As we stated in the final report, there are a number of factors that can affect the range of cell towers.  Terrain, tower load (use at a particular time), maintenance, weather, etc.  The pie-shaped wedges illustrated here are estimates and should be considered rough operational ranges. 

When all calls in the specified time frame were added up, 63% of them were sent or received from tower 468, sectors BETA and/or GAMMA.  While that may not seem like an astronomical amount, when you factor in that some months 100% of the calls were sent or received from those sectors and in the same time period, only 1% of calls were sent or received from tower 302, sector BETA, which would be the tower closest to the paramour’s alleged & listed residence.

The Outcome

Despite continued challenges from the opposing party throughout this case and receiving a subpoena to appear in court to testify as to our findings, the case settled to our client’s satisfaction about a week before trial.  The client’s attorney in the case emailed to say “I believe that a big reason it resolved was your report.  Feedback like that is fantastic to hear.  This case involved many hours of tedious analysis work and we’re very happy it turned out postively for the client. 

The value of cellular call detail record data in any number of cases should not be overlooked.  Recently, I was discussing mobile data with some personal injury attorneys.  The challenge in distracted driving cases, for instance, is that the device that may have been in use may be long gone by the time litigation and discovery comes around.  Other evidence, such as cellular call detail records, can prove very useful and should be considered as a valuable resource of information in civil cases ranging from alimony to employment disputes to personal injury. 


Author:
Patrick J. Siewert
Principal Consultant
Professional Digital Forensic Consulting, LLC
Virginia DCJS #11-14869
Based in Richmond, Virginia
Available wherever you need us!


We Find the Truth for a Living!
Computer Forensics -- Mobile Forensics -- Specialized Investigation
About the Author:
Patrick Siewert is the Principal Consultant of Pro Digital Forensic Consulting, based in Richmond, Virginia.  In 15 years of law enforcement, he investigated hundreds of high-tech crimes, incorporating digital forensics into the investigations, and was responsible for investigating some of the highest jury and plea bargain child exploitation investigations in Virginia court history.  Patrick is a graduate of SCERS, BCERT, the Reid School of Interview & Interrogation and multiple online investigation schools (among others). He continues to hone his digital forensic expertise in the private sector while growing his consulting & investigation business marketed toward litigators, professional investigators and corporations, while keeping in touch with the public safety community as a Law Enforcement Instructor.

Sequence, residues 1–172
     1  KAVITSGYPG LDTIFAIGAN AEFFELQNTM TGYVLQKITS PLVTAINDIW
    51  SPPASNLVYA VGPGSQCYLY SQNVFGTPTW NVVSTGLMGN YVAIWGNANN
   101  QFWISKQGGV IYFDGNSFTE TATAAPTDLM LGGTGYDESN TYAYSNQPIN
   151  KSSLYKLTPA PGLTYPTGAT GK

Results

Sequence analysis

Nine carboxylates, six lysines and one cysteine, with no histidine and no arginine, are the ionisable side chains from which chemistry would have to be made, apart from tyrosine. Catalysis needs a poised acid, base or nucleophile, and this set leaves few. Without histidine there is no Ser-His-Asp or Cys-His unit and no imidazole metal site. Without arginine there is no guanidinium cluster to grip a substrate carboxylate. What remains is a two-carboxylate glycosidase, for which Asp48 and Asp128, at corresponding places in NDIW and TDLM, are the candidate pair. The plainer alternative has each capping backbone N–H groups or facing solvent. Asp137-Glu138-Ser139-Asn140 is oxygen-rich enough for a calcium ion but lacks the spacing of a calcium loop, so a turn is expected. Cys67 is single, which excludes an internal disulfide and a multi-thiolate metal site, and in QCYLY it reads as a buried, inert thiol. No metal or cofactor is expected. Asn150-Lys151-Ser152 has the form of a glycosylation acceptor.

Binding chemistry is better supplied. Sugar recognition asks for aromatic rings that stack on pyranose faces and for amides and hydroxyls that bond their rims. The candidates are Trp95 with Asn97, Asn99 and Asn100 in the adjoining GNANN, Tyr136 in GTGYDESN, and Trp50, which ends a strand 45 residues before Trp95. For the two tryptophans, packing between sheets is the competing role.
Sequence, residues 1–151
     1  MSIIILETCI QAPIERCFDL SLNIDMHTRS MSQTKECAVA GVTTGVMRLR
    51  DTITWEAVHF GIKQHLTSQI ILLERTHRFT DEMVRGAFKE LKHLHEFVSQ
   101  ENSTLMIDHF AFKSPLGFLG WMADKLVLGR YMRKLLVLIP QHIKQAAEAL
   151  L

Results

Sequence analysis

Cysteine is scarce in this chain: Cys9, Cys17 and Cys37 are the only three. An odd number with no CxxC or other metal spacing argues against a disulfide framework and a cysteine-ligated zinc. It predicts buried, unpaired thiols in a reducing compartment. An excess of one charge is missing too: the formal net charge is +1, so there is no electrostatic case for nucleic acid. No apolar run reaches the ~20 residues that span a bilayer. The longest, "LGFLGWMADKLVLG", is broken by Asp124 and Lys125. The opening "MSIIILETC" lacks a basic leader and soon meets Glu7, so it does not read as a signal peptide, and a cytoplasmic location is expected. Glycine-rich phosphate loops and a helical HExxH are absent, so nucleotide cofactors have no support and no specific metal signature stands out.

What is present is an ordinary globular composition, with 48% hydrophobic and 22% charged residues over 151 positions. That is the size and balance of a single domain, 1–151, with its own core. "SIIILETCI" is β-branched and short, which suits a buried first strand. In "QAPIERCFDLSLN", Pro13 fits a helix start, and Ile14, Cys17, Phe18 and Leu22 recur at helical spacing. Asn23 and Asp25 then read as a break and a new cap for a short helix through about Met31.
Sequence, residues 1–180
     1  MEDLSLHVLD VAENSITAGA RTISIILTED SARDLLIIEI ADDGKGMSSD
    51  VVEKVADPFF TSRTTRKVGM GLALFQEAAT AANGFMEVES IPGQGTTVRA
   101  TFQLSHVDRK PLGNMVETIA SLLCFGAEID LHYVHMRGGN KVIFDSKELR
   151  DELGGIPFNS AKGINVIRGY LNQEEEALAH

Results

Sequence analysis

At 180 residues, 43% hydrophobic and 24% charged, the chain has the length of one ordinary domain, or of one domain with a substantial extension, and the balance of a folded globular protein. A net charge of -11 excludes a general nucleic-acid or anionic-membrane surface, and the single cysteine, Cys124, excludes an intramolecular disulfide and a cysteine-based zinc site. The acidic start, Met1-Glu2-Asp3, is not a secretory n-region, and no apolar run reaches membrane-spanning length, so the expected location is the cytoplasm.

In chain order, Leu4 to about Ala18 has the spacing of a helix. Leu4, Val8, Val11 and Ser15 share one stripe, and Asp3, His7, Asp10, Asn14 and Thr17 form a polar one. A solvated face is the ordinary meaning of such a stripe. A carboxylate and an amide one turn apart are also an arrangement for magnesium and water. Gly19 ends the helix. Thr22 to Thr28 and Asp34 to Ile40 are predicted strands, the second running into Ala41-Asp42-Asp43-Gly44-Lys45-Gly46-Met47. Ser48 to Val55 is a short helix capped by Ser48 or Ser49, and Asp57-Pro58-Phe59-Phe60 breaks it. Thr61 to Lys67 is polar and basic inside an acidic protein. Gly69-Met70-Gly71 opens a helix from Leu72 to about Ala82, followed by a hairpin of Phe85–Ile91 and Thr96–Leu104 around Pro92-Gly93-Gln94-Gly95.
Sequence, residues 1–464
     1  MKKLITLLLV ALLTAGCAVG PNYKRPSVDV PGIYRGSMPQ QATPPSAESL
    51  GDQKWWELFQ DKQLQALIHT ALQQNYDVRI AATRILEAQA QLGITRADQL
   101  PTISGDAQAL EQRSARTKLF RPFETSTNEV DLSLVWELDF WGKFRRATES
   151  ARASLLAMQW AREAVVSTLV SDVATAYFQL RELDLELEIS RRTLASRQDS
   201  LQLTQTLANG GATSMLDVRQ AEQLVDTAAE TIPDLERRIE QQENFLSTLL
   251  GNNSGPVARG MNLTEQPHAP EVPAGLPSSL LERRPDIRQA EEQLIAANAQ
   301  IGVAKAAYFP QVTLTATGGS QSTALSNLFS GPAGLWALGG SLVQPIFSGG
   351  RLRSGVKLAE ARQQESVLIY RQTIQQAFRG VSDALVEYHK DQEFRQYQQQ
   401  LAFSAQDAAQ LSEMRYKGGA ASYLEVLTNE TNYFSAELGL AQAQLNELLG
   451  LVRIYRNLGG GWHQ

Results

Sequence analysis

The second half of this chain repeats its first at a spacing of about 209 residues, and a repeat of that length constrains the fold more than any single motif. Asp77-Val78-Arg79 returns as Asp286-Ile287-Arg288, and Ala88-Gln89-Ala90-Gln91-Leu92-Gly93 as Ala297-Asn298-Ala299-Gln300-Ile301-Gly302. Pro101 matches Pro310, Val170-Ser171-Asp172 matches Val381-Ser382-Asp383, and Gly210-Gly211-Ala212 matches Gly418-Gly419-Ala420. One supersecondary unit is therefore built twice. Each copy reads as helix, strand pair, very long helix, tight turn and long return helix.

Twitter: @ProDigital4n6

Wednesday, April 5, 2017

Cellular Provider Record Retention Periods



April 5, 2017

Cellular Provider Record Retention Periods

I just returned from a fantastic few days at the Virginia Trial Lawyers Association 2017 annual conference.  I spent 3 days meeting with litigators from all over Virginia about the various ways data can help in their cases.  Part of the nuance of operating a digital forensic consultancy is to actively listen and try to drill down exactly how digital forensics and related services can add value in different types of litigation.  For example, there is data that is contained on many mobile devices that could serve to be the digital “smoking gun” with regard to distracted driving cases.  However, the problem is that when litigation over distracted driving takes place, the data (and likely the device) are long gone because the justice system grinds slowly.  This makes the value that digital forensics can add in these cases somewhat minimized, unless the case involved law enforcement and they happened to have the foresight to get a device extraction at or close to the time of the incident. 

One of the valuable areas I’ve been spreading the word about to all of my partners in litigation is the power of cellular call detail records.  Everyone carries around a mini tracking device in their pocket in the form of a smart phone and it is virtually always connected to a cellular network.  That means data can be retrieved, analyzed and even mapped-out to show location information.  Other valuable data can be known associates, cell tower “ping” data, cell tower sector data and so on.  However, all of the cellular companies retain these records for different periods of time.  When I talk about this with litigators and their staff, they almost always ask how long the data is retained.  The answer is... (wait for it)… It depends!  Being that I get this question quite often, I decided to contact each of the five major U.S. cellular carriers and ask them myself.  I’ve been through training previously that detail this information, but nothing beats getting the information directly from the source.  So here we go!

Definitions

Before we discuss the retention periods themselves, some explanation is required.  First, there are only five cellular companies who provide service in the United States.  They are:
·       Verizon Wireless
·       AT&T
·       Sprint
·       T-Mobile
·       U.S. Cellular
All of the others that you see commercials for on TV – Cricket, Boost, Virgin Wireless, Jitterbug, Straight Talk, Tracfone, Family Mobile – and so on, lease their service from one (or more) of the five carriers listed above.  From an investigative standpoint, it makes it simpler that we only have five potential sources where that data could be kept.